The following is Inadequately subtle in terms of analysis, but does give a brief and useful description of the gaokao and the anxiety surrounding it. The point made about transparency of results is an important one. In my own research, parents were very much attached to the relative objectivity and trustworthiness of the exam and equally suspicious of alternative systems to replace it. Better the devil you know.
Read this short but descriptively accurate article here: The gaokao – The test where time stands still – University World News.
via The gaokao – The test where time stands still – University World News.
Posted in Chinese Culture, Chinese education | Tagged educational desire, gaokao | 1 Comment »
Originally posted on Justrecently's Weblog:
Wu Ping (吴平), vice president of Zhejiang University, was killed in an automobile accident in the city of Hangzhou, Zhejiang province last Thursday, June 12. China Radio International (CRI) didn’t give details of the accident in its news report published on the same day, but one day later, China Dailydescribed surveillance footage from the scene of the accident, Hangzhou Western Beltway, according to which, Wu almost missed the exit where he wanted to leave the beltway and head to the university.
The footage, published on websites like sina.com, suggests that Wu Ping cut into a truck’s safety zone, long after the opportunity to leave the highway in accordance with the traffic regulations had passed.
China Daily quoted a colleague of Wu as saying that lack of sleep could be the cause of the accident – he was a diligent man who often worked very…
View original 234 more words
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I use the word “rural” with reservations here, as what is rural in China would hardly be recognized as such in many other places. At any rate, I offer this (very) short video as a supplement to a photo essay on School Courtyard Pedagogy I posted here some time ago. This video was shot in Summer 2013. By the way, before going off on conformity, have a close look at the fine-grained chaos at about the 13s mark. Try supervising that, teacher!
Posted in China, Chinese Culture, Chinese education, Pedagogy of Everyday Life, the pedagogy of everyday life in China | 1 Comment »
In a compelling essay on China’s urbanization project, Hyun Bang Shin argues, in part, that
China’s speculative urbanisation is both an ideological and a political project that disrupts and destroys the lives of the masses, while it is the few that benefits from it (Strategising Discontents, para. 1).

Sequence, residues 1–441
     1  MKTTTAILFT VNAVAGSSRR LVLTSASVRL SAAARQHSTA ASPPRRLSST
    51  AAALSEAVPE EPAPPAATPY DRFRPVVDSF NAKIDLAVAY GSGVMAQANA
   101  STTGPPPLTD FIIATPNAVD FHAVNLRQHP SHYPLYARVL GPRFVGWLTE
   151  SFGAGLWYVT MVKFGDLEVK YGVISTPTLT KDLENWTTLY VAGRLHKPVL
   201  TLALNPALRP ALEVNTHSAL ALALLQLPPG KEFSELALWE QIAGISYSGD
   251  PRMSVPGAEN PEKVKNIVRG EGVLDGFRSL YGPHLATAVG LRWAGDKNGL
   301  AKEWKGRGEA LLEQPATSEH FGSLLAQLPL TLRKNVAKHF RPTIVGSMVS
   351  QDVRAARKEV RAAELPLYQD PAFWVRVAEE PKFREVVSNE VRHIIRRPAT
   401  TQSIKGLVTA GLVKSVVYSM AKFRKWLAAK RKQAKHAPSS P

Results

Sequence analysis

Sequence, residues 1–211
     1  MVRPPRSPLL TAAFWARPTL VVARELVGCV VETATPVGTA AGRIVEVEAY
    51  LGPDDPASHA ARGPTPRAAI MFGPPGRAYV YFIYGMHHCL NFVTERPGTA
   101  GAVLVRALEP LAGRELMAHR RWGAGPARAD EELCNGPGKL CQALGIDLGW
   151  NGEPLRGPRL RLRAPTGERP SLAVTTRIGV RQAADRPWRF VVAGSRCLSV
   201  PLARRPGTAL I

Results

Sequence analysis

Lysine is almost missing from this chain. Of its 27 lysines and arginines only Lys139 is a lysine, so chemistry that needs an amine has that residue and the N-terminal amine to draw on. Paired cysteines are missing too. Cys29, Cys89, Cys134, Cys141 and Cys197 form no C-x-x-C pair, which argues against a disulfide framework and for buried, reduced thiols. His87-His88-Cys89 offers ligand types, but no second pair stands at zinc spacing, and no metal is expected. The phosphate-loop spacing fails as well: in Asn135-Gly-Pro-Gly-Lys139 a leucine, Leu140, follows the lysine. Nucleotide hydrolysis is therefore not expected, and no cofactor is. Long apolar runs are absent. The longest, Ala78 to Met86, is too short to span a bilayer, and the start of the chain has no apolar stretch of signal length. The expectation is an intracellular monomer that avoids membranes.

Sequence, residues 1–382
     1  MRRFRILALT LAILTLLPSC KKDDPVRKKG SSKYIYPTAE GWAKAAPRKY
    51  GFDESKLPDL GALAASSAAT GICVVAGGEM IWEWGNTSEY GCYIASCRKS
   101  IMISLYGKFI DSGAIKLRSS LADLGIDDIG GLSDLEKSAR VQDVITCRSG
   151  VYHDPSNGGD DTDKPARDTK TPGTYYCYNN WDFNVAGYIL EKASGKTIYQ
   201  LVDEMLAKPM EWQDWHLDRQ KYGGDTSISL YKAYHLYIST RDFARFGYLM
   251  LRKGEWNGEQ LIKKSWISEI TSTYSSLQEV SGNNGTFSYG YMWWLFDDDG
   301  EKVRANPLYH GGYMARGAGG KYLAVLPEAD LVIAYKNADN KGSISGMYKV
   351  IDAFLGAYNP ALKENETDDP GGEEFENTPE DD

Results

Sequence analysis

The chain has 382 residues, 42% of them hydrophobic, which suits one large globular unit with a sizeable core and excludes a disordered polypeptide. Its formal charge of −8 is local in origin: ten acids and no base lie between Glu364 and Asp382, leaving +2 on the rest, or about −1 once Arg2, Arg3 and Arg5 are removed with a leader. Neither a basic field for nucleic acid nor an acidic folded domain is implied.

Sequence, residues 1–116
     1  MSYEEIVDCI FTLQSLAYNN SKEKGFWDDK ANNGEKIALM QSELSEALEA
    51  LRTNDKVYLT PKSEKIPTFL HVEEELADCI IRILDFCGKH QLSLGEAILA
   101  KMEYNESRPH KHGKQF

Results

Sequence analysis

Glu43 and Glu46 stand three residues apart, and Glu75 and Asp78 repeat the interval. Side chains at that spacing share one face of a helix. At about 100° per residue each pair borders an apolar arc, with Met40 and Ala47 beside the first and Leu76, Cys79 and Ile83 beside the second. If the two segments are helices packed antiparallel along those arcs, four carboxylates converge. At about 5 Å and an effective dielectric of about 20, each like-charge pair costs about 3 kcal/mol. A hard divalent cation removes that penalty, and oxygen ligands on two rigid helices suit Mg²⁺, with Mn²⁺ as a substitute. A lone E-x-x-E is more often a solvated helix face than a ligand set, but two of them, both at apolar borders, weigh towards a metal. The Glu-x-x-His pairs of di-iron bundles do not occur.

I don’t disagree with the notion that this project is both ideological and political. I also buy without reservation “disrupts.” But I wonder if the word “destroy” does justice to the ideological and political in the sense that it forgets the constructive moment of this project.
One of the things that may make the claiming of the city from below difficult is the impact of urbanization as a pedagogical project on those being disrupted. As I’ve discussed in previous posts (briefly) and in my recently completed dissertation (at length), they, like the city’s neighborhoods themselves, are not only being destroyed. They are also being built into something entirely new. Of course I have now gone a step too far with “entirely.” Is there something in the remains of the city and the old socialist man — some resource of critique and/or solidarity — to be drawn upon such that the right to the city might be won? If I’m not mistaken, this question lies at the centre of Shin’s essay. I suggest you have a look yourself if interested in the answer.
Contesting speculative urbanisation and strategising discontents.
via Contesting speculative urbanisation and strategising discontents.
Posted in Critical Geography | Tagged China, right to the city, urbanization | 2 Comments »
The recommendations here are pretty mundane*: give peasants rights over land to encourage consolidation and innovation; reform hukou to give people equal social rights; make services more efficient. Points two and three are hard to argue with as principles. Point one, of course, is seriously debatable.
Maybe it’s this early Saturday morning talking, but I found this piece somewhat underwhelming. Thoughts:
First: Is this really all World Bankers have to offer? Reform a policy that divides your entire population into two classes (yes, more complicated than that) and consigns one to relative disadvantage? Why didn’t I think of that! Improve your public services? Hm?! Get the mayor of Beijing on the horn! It seems there is poor service at the motor vehicles office!
Second: the Chinese government has been all over these problems and solutions for years. There is nothing here that they don’t already know and apparently ascribe to. Of course planning and doing are two different things.
Anyway, have a look for yourself if you’re interested in pat solutions to deeply entrenched problems.
* In defense of mundane solutons, I offer them quite regularly myself!
Posted in Critical Geography, Uncategorized | Tagged China, efficiency, land reform, world bank | 2 Comments »